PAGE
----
Aubrey K. McClendon, a force in the oil and natural gas industry and hydraulic fracturing for nearly three decades, died in a motor vehicle crash March 2 in Oklahoma City, police said. He was 56 years old.
Police said Mr. McClendon, who helped found Chesapeake Energy Corp. (NYSE: CHK) in 1989, was driving near an overpass just after 9 a.m. CST when his Chevy Tahoe moved left of center across a road and struck an embankment to the west.
“His vehicle was engulfed in flames immediately, and he did not survive the accident,” said Oklahoma City Police Capt. Paco Balderrama.
Balderrama told Hart Energy that Mr. McClendon was alone on the road and it was too early to tell if the car had a mechanical failure. He said the Chevy’s computer would be pulled off and that investigators would take about two weeks to reconstruct the scene.
“There’s not a whole lot there, other than why,” Balderrama said. “It could have been a medical episode; it could have been something else.”
On March 1, Mr. McClendon was the subject of widespread news coverage of a federal grand jury indictment accusing him of masterminding a conspiracy between two large oil and gas companies to not bid against each other for the purchase of certain oil and natural gas leases.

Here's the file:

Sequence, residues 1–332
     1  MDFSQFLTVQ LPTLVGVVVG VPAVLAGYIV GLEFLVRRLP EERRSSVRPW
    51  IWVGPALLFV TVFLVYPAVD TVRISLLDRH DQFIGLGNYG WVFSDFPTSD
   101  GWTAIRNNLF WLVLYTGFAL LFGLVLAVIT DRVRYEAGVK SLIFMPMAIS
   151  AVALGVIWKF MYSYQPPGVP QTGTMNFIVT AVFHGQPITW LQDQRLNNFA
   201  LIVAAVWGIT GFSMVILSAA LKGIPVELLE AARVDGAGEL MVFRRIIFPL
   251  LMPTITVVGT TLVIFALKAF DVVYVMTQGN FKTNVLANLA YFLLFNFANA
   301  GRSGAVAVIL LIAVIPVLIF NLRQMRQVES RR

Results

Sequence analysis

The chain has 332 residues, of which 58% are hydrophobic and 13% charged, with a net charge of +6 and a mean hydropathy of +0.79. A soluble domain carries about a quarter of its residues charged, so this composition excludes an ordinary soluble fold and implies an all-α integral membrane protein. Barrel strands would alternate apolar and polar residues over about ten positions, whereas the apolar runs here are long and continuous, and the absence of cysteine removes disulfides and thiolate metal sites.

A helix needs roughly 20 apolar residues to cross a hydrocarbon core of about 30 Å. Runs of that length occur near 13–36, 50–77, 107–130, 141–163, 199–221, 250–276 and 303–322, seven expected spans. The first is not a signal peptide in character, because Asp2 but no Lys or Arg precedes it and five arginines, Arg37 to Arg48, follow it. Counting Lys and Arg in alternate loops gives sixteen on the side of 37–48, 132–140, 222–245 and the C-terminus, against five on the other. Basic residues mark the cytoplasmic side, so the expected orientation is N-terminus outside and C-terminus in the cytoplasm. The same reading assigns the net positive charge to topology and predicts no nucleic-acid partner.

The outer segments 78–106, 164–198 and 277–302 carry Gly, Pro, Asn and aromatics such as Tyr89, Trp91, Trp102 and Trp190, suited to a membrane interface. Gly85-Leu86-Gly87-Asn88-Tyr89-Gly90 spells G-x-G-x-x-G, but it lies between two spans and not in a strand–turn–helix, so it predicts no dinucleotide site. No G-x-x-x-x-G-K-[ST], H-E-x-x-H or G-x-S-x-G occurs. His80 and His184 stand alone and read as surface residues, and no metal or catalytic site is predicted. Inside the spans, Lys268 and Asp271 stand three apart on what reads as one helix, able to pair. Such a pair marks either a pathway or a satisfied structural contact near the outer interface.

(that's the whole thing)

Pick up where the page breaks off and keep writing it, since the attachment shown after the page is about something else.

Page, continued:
Such a violation of carries a maximum penalty of 10 years in prison and a $1 million fine for individuals.
Mr. McClendon said in a statement that the single charge of an antitrust conspiracy was “wrong and unprecedented” and that he would fight to clear his name.
Mr. McClendon ran Chesapeake as CEO until 2013, growing it from a startup to the second-largest producer of natural gas and a leading producer of oil in the U.S.
Mr. McClendon and Chesapeake also helped bring to the fore the exploitation of unconventional oil and natural gas.
After his ouster from the company in 2013 following financial inquiries, Mr. McClendon used his reputation and charisma to raise billions of dollars for various companies under his American Energy Partners flagship.
While he faced challenges from Chesapeake and others related to his professional conduct, it was Mr. McClendon’s time as CEO of Chesapeake that revisited him.
The Department of Justice accused Mr. McClendon of engaging in a conspiracy that ran from December 2007 to March 2012.
“While serving as CEO of a major oil and gas company, the defendant formed and led a conspiracy to suppress prices paid to leaseholders in northwest Oklahoma,” said Assistant Attorney General Bill Baer of the Justice Department’s Antitrust Division. “His actions put company profits ahead of the interests of leaseholders entitled to competitive bids for oil and gas rights on their land. Executives who abuse their positions as leaders of major corporations to organize criminal activity must be held accountable for their actions.”
Mr. McClendon said he had worked to create jobs in Oklahoma, grow its economy and to provide abundant and affordable energy to Americans.
“I am proud of my track record in this industry,” he said.
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